I’m a huge fan of Penn Jillette. He’s consistently libertarian, as evidenced by his Showtime! series, Penn & Teller: Bullshit!. Also, his Vegas show with Teller is entertaining. So I read with interest this recent interview he did with reason about the presidential election.
reason: You were critical of the old newsletters that were revealed during the primaries, but on balance was Ron Paul good for libertarians?
Jillette: The basic underlying premise of that question I disagree with. I believe in individual rights so much that I don’t like any sort of “what’s good for the cause”-type question. A little while ago I was at skeptics, atheists conference and a question like that came up. How do we best win people over? As soon as we ask that question, we’re pigs. We have to leave open possibility that other side is right. Even as we call them assholes!
A lot of people listened to Ron Paul and a lot rang true to them. A lot of what he said, I agreed with. But my job professionally, my job as human, my job as an American citizen is not to do what I can to further the libertarian cause. If Obama came out and said “when I’m elected I’d make government as small as I can” I’d really get behind him. I’m not trying to get Libertarians elected. I’m even uncomfortable telling people who to vote for.
I heard Jillette say good things about Ron Paul on the Howard Stern Show too long after Paul’s past racist associations became clear, which I felt was unfortunate. But, yeah, it’s about the ideas. It always will be. I’m interested in liberty first, process second. That comes through here, and it’s the takeaway point.
For example, does this arugment make sense under any skepticism?
And here we see a fundamental difference between the progressive worldview and the conservative worldview. Progressives believe in a robust safety net for everyone. It’s very possible, as we’re seeing, that you’ll experience financial hard times for reasons that have nothing to do with you. A lot of the people doing unskilled service work in the Lehman Brothers office may lose their jobs as a result of this unwinding even though they didn’t do anything wrong. And that sort of thing happens all the time — people get laid off because adverse things happen to the companies they work for. Or people are struck by other kinds of misfortune — they get hit by buses, hurricanes destroy their houses, all kinds of stuff. Misfortune strikes ordinary people, and not just billionaires. And in the case of ordinary people, just as in the case of billionaires, you can offer improve social welfare by helping people out when they wind up in trouble.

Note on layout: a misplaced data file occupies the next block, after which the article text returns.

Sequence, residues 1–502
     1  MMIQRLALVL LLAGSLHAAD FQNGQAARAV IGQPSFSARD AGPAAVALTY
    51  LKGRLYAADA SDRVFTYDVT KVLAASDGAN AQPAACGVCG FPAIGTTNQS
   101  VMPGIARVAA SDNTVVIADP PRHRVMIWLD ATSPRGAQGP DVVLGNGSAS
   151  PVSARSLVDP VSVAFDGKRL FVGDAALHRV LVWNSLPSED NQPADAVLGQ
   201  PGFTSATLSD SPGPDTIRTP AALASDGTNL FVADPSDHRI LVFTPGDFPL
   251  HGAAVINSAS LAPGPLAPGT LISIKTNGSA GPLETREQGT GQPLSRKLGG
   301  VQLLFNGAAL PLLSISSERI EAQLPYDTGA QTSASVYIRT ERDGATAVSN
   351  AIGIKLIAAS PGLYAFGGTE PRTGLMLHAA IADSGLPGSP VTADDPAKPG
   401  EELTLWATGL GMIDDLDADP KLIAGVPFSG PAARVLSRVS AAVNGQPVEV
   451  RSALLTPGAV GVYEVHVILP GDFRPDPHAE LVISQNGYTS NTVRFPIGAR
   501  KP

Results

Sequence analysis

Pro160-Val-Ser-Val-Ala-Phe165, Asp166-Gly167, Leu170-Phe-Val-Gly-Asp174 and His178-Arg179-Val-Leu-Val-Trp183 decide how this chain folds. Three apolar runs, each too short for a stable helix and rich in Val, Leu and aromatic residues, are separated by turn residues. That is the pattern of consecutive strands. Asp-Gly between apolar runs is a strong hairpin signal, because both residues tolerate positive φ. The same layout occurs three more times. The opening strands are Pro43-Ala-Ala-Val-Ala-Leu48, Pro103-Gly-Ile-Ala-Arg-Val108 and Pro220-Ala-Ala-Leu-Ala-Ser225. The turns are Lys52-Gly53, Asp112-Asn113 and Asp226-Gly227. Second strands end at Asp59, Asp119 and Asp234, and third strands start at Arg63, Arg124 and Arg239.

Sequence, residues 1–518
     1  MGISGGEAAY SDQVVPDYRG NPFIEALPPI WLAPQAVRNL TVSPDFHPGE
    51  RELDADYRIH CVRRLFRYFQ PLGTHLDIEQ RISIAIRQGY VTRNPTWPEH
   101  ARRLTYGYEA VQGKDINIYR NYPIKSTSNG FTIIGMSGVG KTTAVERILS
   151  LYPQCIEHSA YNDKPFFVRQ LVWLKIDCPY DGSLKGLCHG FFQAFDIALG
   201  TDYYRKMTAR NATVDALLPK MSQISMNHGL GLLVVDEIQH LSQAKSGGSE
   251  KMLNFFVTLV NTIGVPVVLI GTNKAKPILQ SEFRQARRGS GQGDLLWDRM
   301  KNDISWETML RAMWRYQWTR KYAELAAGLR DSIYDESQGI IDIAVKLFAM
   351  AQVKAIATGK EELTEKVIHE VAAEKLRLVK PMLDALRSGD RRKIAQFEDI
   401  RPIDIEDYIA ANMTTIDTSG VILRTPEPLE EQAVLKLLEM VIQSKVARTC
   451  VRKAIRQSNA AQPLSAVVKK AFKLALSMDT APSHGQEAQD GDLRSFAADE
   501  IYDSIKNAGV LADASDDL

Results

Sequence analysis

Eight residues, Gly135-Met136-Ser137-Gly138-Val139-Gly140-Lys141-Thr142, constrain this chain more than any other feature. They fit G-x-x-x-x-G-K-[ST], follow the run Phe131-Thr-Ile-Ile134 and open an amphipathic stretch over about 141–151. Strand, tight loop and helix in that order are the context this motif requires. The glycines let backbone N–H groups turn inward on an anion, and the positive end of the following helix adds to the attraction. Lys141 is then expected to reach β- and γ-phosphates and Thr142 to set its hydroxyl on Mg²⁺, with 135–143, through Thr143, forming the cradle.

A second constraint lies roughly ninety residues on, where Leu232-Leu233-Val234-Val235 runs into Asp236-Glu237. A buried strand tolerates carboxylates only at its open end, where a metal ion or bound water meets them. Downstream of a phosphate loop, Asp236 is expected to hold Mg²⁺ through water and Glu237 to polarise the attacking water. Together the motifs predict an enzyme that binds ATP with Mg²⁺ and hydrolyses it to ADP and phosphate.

But conservatives don’t believe in that kind of safety net for regular people — just for the billionaires. Guaranteed health care? Forget it. Guaranteed retirement income? No way. Just let the market work, and when it stops working the executives will be okay and the rest of us will, oh, something or other.
This is a bit out of date (mid-September), but the flaw is timeless. First, an overwhelming number of Democrats voted for the bailout plan. Do they not count as progressives? Does the claimed need to Do Something outweigh the obvious welfare for the billionaires?
But note how this kind of statement is a nasty simplification that could be rebutted if the accuser – in this case, Matt Yglesias – replaced his assumption with a question directed at the target of his attacks. I’m including myself in his definition of conservative, even though I identify as a libertarian. The comparison is close enough because what he’s attacking is the idea that government shouldn’t be providing X service (i.e. safety net). That’s not what he’s saying, of course. Instead, it’s a veiled “you hate poor/unlucky people because you don’t support my solution”. Any worldview condensed to such inanity is a sad commentary on the believer.
I support a reasonable safety net for the truly incompetent. I’m even willing to consider temporary safety nets for such cases as layoffs, hurricanes¹, or whatever. However, those are questions of how to effectively resolve the problems with minimal interference (i.e. taxation, regulations). I don’t think widespread government-provided safety nets are the universal solution. We can agree that not having mass numbers of people living in the streets is worth achieving. It does not flow from there to the implication that those who disagree on how to achieve the goal are selfish degenerates who want babies to die in the streets.
Stretched back to the context of Penn Jillette’s statement above, I can vote for the Libertarian Party candidate, but I’m not saying I think the Libertarian Party is the only, or best, way to achieve liberty. Like he said, if Obama stands up tomorrow and proposes a policy that enhances liberty, I will support it. It’s the principle, not the policy. All of politics is the same idea.
¹ It’s not too much to expect, in return, for the government to stop incentivizing stupid, risky behavior. This applies more to building homes in flood plains, I suppose, but it’s applicability to hurricanes is almost the same. Also, financial risks. Don’t encourage bad luck and then expect me to pay those who embraced it.